The Space Elevator could be a revolutionary means of transport beyond the earth's atmosphere
Predicting the future of technology is always a fun thing to consider - especially when you realise what might inspire these advancements to take place. Here's how we think technology might change our lives...
Five years from now medical lasers that can seal wounds could be commonplace on battlefields and in hospitals. The technique, known (slightly ominously) as "laser welding", has been pioneered by a team of Tel Aviv University researchers, and could even be used by surgeons when operating inside the body. Flexible LCD screens that can be rolled up like a newspaper will also be widely available, and home 3D printing will be giving copyright holders a headache. Thought-controlled prosthetic limbs will revolutionise life for amputees.
By the beginning of the third decade of this century Nanotech clothing will have reached the shop shelves. These garments will be stain and water resistant, able to change colour to suit their wearer's whims, and protect the emergency services from toxic chemicals. A crash-proof car, which can alert drivers to potential danger and even take over the controls, should also be ready to roll off the production line. In fact, Volvo has pledged that beyond the year 2020 no one will be killed or seriously injured in one of its new cars.
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New treatments for Alzheimer's will be available by 2027. The disease currently affects more than 27 million people around the world, and the number of sufferers is expected to quadruple by 2050. Innovative gene therapies developed over the next decade should point the way toward a cure, sparing a generation of people from the indignities of this cruel disease. By this point in time it should also be possible to successfully revive a mouse from cryopreservation. Trials of medical nanobots will also be well underway.
General Motors, Segway
The EN-V is a concept vehicle featuring dynamic stabilisation technology
The majority of vehicles on the road are now electric. People will increasingly use smaller cars too, such as the EN-V concept vehicle. The EN-V features dynamic stabilisation technology, allowing it to carry two passengers and a light cargo despite being around a third the size of a traditional vehicle. Stem cell "pharmacies" that can issue treatment for damaged body parts or organs on the high-street could also be a common sight in two decades. Home internet speeds will have rocketed to more than a terabit per second.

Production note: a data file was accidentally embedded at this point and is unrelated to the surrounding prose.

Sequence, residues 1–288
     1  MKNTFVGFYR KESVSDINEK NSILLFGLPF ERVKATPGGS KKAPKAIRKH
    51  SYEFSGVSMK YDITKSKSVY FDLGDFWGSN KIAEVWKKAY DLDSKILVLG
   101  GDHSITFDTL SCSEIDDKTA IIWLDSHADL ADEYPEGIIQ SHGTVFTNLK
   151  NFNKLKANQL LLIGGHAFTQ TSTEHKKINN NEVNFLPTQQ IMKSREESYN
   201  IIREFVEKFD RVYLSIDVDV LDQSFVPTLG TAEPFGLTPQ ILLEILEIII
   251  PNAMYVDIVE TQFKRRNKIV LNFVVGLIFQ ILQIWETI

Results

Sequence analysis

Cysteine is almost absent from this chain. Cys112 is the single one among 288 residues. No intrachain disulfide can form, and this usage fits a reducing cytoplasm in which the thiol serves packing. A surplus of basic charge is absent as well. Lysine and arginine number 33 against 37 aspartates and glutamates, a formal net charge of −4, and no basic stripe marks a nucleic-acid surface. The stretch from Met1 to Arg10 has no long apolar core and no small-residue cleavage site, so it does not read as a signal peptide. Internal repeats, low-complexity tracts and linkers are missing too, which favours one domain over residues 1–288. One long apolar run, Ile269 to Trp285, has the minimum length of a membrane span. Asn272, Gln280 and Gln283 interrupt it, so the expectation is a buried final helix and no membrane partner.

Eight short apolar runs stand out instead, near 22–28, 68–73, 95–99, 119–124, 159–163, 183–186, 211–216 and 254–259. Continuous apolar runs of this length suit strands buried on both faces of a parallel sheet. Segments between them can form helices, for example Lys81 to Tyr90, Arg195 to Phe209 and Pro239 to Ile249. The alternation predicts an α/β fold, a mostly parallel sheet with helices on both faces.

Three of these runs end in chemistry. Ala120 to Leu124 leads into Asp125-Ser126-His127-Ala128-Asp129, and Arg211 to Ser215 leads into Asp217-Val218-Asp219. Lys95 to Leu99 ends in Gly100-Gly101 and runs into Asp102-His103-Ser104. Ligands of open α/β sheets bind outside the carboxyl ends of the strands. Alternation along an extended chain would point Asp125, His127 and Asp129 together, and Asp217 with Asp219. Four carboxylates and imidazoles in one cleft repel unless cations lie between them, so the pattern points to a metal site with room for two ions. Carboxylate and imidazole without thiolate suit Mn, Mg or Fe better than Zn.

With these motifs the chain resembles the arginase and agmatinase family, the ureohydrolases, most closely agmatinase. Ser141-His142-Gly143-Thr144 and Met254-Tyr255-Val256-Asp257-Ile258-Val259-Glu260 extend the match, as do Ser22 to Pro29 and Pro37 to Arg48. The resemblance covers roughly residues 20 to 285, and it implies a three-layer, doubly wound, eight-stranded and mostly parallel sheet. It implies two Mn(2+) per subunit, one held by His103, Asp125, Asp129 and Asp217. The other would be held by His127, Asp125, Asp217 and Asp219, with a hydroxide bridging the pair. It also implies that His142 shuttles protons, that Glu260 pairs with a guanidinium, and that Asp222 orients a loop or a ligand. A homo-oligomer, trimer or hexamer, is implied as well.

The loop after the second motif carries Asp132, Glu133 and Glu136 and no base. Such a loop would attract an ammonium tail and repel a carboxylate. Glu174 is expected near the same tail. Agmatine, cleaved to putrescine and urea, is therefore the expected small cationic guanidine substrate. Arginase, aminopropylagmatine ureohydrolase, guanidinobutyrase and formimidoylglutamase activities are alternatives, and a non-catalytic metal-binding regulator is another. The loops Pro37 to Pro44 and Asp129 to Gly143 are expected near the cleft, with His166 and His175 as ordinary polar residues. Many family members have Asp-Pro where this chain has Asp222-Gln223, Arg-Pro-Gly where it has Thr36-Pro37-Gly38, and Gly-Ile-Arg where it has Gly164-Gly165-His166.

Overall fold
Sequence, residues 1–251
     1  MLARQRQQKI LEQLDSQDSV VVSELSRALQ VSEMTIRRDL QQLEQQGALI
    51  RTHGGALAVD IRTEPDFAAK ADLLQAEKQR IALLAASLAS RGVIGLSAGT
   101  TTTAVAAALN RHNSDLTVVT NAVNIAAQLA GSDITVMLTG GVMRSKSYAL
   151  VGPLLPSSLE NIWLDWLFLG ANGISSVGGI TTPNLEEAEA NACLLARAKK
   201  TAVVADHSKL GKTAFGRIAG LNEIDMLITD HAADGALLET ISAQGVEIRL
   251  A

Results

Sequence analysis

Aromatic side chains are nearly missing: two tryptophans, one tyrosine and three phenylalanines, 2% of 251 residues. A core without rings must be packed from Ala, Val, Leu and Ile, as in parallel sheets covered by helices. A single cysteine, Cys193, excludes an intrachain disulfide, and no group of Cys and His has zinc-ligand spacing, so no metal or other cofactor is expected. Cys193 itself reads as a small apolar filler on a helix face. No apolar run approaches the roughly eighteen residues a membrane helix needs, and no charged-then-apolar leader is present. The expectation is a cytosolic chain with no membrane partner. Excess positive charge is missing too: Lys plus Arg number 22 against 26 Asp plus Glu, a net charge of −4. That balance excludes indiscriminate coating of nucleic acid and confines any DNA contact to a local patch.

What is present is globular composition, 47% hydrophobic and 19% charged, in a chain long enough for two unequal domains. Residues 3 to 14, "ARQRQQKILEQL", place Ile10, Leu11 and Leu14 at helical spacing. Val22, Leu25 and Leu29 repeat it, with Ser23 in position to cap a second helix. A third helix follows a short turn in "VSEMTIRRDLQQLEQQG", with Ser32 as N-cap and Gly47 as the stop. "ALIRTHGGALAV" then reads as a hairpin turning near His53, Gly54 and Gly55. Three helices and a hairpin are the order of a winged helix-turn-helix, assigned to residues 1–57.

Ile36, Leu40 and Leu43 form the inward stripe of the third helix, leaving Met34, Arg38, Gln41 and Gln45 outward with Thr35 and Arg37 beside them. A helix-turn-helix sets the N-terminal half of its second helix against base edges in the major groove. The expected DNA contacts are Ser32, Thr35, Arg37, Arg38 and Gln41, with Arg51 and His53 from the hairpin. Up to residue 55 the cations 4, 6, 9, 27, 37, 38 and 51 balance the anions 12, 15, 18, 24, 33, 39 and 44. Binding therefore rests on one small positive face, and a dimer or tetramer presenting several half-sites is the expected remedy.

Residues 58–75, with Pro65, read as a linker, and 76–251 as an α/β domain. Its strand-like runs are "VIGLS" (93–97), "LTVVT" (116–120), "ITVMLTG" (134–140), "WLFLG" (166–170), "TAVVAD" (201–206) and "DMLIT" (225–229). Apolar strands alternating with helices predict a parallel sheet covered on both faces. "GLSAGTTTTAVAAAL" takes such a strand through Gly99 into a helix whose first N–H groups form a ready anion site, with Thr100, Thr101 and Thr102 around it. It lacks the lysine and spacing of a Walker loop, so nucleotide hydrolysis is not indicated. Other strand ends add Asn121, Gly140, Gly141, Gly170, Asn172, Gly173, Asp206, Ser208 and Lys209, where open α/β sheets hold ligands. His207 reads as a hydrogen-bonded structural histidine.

Today's PCs and tablet devices will seem about as powerful as a pocket calculator by 2037, thanks to the advent of quantum computing. The technology is still in its infancy today. But the speed of progress means it could form a part of everyday life as we move toward the middle of the century, unleashing a new wave of human creativity and ingenuity. The teleportation of complex organic molecules should also be possible by this point, paving the way for a real-life Star Trek-style transporter.
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Claytronic atoms - effectively nano-scale computers - will allow people to create 3D objects at will. The idea, known as Claytronics, involves manipulating the claytronic atoms using specialist software, forming and reforming them into a limitless number of items. In communications, this will allow people to see, hear and touch each other over long distances, just as if they were in the room together. Cars made from claytronic atoms could also be endlessly reformed into different vehicles.
We predict by 2047 androids will begin to take up roles in homes and workplaces
We are now approaching the point of singularity, when a greater-than-human super intelligence emerges through technological means. Transhumanism will also become a mainstream concept as more and more people augment their bodies with technology. Intelligent military aircraft that can operate independently of a human being will become a reality, and thanks to the emergence of true artificial intelligence, androids will begin to take up roles in homes and workplaces.
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The sheer range and pace of technological change means the world of 2052 is hard to comprehend. Genetically engineered babies are now commonplace, as the elite seek to give their children every advantage possible - including super-intelligence and heightened physical prowess. Human beings have also begun to link their minds directly to the internet in order to make sense of all the information now available online. Nanobots will be able to augment people's vision to produce totally immersive virtual worlds.
The home computers of 2057 will have more processing power than all the human minds that have ever existed, and thus many high-level political decisions will be handled by artificial intelligences. Handheld MRI scanners mean people can be scanned quickly and cheaply, greatly improving diagnosis and treatment for a variety of diseases. Internal organs and brain activity can be seen in real-time using these devices, which will also revolutionise medical treatment in the developing world.
Ageing is a curable disease by this point in time, with a variety of gene and nanotechnology therapies effectively halting, and eventually reversing, the ageing process. At first the treatment is likely to be expensive, but competition between pharmaceutical companies should bring it within reach of most people in the developed world by the end of the century. Invisibility suits are now a common piece of military kit, along with force field technology. The world's first space elevator allows for the rapid transport of people and equipment beyond earth's atmosphere.